Habibti will then head for Auckland for the GN Trotting Derby and Sires Stakes, and then quite possibly straight on to Australia. "We're thinking about going for the NSW Trotting Oaks and Derby and Victoria Trotting Oaks over three weeks, rather than the Jewels. She's a strong filly and probably better off racing the longer trips, than a mile, plus you only get one shot at Oaks and Derby races. Those three races go for $150,000 Australian, rather than one race for $100,000 here, and then you still have the Victorian Trotting Derby in July all going well." Butt said.
David and Catherine Butt's Birchbrook Breeding Ltd races Habibti with Rob and Lynne Paterson of Rangiora after she was purchased privately as a yearling from breeder Gaby Maghzal. At the same time they bought Habibti's chestnut brother Lothario, a good second in a 2yo trot the previous week at Addington, but he's been turned out for the season. "He's going to be a good 3yo next year, but he's not quite up to the top ones at the moment."
Credit: HRWeekly 27Mar13
2013 GARY THOMPSON/FRED SHAW NZ TROTTING CHAMPIONSHIP
Vulcan's rich vein of form continued when he had little trouble dispatching a small but classy field in the $80,000 Gary Thompson/Fred Shaw NZ Trotting Championship at Addington last Saturday night.
After a run of consistent form at Menangle in February, Vulcan really hit his straps at Melton last month, and remarkably, the Trotting Championship was his fifth G1 success in 22 days. Whether a heat of the Great Southern Star should have been accorded G1 status is highly debateable, but that's what the record books will show and that many Group race wins in such a short space of time must have been some sort of record to boot. More to the point, Vulcan has earned $350,000 in those three weeks and also an invitation to the famed Elitlopp in Sweden.
The Trotting Championship was actually Vulcan's first win at Addington since his big NZ Trotting FFA- Dominion double during Cup Week 16 months ago, and his form had been patchy since. Butt had been battling a combination of issues, including a "crook back" which had him trotting roughly and a couple of viruses, but he knew he was getting on top of things around the time of the big mile at Menangle, where he finished third to Keystone Del. "He'd been treated for a virus and we'd changed his feed, so he's been racing lighter. He loves the smaller tracks so we knew we were in pretty good shape going into Melton."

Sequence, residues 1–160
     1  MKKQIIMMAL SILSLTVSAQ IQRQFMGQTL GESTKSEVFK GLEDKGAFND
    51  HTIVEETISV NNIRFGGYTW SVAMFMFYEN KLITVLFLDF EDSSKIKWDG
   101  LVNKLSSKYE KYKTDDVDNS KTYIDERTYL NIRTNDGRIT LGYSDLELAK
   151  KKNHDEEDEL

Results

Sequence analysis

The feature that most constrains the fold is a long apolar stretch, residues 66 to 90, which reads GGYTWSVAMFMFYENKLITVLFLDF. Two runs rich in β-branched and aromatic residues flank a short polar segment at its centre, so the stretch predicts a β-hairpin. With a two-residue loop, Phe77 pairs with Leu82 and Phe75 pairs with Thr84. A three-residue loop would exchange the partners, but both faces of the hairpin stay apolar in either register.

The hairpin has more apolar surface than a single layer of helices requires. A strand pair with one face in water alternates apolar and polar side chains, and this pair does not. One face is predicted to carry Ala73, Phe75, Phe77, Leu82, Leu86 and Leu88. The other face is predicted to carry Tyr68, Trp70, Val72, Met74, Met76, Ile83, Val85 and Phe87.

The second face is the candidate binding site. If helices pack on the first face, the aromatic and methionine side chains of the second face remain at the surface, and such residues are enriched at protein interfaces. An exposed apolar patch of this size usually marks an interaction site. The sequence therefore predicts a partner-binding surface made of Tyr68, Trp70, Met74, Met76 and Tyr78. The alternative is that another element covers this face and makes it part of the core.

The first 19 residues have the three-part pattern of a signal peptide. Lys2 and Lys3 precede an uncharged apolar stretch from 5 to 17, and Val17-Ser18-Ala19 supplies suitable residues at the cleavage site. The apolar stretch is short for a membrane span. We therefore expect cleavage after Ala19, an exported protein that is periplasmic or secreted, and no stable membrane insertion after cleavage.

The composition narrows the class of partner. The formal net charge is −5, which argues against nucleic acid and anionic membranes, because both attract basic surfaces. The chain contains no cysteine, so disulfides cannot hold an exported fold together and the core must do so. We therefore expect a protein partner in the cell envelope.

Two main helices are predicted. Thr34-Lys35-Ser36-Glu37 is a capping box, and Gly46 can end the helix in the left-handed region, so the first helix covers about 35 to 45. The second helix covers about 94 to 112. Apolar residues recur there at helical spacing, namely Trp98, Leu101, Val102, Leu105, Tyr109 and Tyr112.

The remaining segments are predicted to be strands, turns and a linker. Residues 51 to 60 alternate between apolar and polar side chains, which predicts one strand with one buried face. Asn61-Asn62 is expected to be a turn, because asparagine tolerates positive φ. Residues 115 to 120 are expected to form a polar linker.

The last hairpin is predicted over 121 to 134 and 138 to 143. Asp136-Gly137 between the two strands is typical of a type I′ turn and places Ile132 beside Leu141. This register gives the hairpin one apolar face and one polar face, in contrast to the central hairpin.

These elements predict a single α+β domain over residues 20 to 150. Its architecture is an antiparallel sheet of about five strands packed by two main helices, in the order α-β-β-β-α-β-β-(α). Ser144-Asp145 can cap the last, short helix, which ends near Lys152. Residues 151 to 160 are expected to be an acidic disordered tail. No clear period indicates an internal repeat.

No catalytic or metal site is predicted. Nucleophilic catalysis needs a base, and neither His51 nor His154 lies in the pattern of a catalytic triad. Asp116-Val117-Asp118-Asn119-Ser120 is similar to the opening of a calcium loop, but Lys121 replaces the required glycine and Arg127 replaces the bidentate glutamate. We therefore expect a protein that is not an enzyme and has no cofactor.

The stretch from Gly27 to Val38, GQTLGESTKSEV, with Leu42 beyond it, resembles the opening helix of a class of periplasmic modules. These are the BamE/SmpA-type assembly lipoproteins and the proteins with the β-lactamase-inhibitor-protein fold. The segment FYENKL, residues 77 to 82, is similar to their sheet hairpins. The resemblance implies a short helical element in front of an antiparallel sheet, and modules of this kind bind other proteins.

Vulcan's ability to corner well has been evident since he upset Kahdon in the Jewels at Cambridge as a 3-year-old, and he has now won 10 G1s and 17 races in all for stakes worth $917,000. This puts him in a league with Butt's previous trotting greats Lyell Creek and Take A Moment, but Butt has never had Vulcan in that elite class. In career best form though, Vulcan was able to sit parked for the last 1400m on Saturday night and still proved too good for Stent and Springbank Sam, with a gap to Cyclone U Bolt and Phil's Gift. Vulcan trotted his last mile in 1:58.9, home in 57.5 and 28.9, to complete the 2600m journey in a solid 3:16.8.
By Game Pride from a top trotting mare in First Prize and a sister to another one in October Pride, Abundant only managed a few placings and had had a few foals when Jenny's late husband Murray, the father of Tim and Anthony, decided to run her through the Mixed Sale. "I rang Don and said we can't let this mare get away." McKenzie had had a few pacers with Murray up to this point with moderate success, but had always loved the trotters.
"I can recall going to Addington to watch the likes of Marius and Tony Bear in the early 70's," said Don. "There were a lot of great trotters around that time and they would all fan out across the track. We were told Abundant would cost around $4000 but I think I got her for $700. I was that keen to buy her I had the last three bids," he added. For a while McKenzie wondered if he had acquired the 'poorer sister', but whereas October Pride has been a disappointing broodmare, Abundant has never stopped producing.